Lord of the Glens

Aug 27, 2017 - Lord of the Glens

It was a fine morning as we cast of from our berth at Fort Augustus and started our descent of the four locks clustered there. These locks lie at the heart of the tiny village, with the swing bridge at the bottom. Through we sailed in our stately passage, past the former fort, later occupied by a 19th-century Benedictine Abbey and past a historic pepper-pot lighthouse before entering the waters of Loch Ness itself. This 23-mile long body of fresh water is the largest in Britain by volume, and follows the line of the Great Glen Fault which crosses Scotland from south-west to north-east. No sightings of the infamous Loch Ness monster were reported on this occasion, but real enough were the dramatic ruins of Urquhart Castle on the shore of the loch. A stronghold has stood on its promontory since prehistoric times, and the present masonry dates from the early 13th century, until it was destroyed in the 1690s to prevent it falling into rebel Jacobite hands. Then we sailed out of Loch Ness into Loch Dochfour and the last stretch of the canal up to Inverness. This was lined with pretty cottages and tiny exquisite gardens and our final berth gave us spectacular views over Inverness below.

After lunch we set off to view the battlefield of Culloden, where on 16 April 1646 Prince Charles Edward Stewart’s army was defeated by government forces, bringing an end to the Jacobite rebellions and bringing decades of retribution to the Highlands. An imaginative visitor center told the story from both sides and out on the battlefield, lines of red and blue flags indicated the positions of the opposing sides. Today Culloden Moor, purple with heather in full bloom, still has a powerful atmosphere.

Our next destination was altogether different as we visited the 4,000-year old Clava Cairns, an amazing group of stone monuments built by early Bronze Age farmers that are aligned to the midwinter solstice.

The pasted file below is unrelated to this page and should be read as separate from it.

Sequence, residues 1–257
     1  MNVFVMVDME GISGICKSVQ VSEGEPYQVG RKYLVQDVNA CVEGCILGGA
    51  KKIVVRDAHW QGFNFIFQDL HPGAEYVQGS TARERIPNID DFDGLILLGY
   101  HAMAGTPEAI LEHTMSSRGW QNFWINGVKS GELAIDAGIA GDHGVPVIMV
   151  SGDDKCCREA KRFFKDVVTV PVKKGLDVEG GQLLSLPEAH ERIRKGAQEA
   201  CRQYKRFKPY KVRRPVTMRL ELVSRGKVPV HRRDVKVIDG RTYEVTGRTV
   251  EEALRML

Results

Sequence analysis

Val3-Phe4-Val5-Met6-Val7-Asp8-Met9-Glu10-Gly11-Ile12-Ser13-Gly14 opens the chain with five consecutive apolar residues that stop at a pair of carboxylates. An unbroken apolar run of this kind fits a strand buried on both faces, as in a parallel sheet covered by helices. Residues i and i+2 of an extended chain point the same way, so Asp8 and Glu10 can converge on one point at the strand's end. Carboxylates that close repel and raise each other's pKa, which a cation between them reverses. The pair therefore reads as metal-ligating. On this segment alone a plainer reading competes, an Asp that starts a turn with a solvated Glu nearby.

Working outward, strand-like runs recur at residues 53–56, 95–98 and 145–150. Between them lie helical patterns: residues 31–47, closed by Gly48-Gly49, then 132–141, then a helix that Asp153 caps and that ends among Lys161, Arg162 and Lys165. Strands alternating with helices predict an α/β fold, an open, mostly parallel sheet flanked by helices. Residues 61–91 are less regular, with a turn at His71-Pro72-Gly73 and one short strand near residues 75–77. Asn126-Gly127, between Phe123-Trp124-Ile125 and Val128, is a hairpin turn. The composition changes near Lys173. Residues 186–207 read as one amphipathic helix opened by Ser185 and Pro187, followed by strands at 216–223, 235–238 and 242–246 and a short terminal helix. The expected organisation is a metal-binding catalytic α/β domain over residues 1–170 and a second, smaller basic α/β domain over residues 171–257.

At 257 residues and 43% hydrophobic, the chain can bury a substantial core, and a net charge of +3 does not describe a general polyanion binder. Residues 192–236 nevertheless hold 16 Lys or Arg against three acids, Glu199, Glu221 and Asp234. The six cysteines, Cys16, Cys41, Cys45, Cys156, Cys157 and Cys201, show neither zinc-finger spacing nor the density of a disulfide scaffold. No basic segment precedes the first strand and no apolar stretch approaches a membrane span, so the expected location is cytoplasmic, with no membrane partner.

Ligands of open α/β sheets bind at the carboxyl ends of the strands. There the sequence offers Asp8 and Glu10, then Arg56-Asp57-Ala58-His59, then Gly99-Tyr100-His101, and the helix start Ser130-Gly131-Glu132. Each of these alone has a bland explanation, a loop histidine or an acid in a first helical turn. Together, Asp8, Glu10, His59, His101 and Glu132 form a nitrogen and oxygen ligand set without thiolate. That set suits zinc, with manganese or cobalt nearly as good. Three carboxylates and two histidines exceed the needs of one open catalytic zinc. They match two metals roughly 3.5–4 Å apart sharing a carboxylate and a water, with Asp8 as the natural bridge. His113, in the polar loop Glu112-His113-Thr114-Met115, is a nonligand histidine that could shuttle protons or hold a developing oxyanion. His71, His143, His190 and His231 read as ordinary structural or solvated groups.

Back on board Lord of the Glens, we gathered for a convivial farewell evening with a very Scottish dinner complete with haggis and followed by a charming demonstration of Scottish country dancing by some very young, beautifully dressed dancers. It was a fitting end to our journey together and we wish everyone bon voyage, and hope perhaps to meet again on another other expedition. 

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About the Author

Carol Knott

Expedition Leader

Carol studied archaeology, history and philosophy at the University of Glasgow, her native city. She spent many years as an archaeologist in the southeast of England, specializing in medieval ceramics and the conservation of historic houses and gardens. Since 1988 she has worked as an archaeologist in the Outer Hebrides of Scotland, living in a crofting village on the Isle of Lewis, and was formerly archaeologist for the National Trust for Scotland for their World Heritage site of St Kilda. Her great pleasure is to explore the cultures of Scotland, Europe and the North Atlantic, and to bring them to life for a modern audience. 

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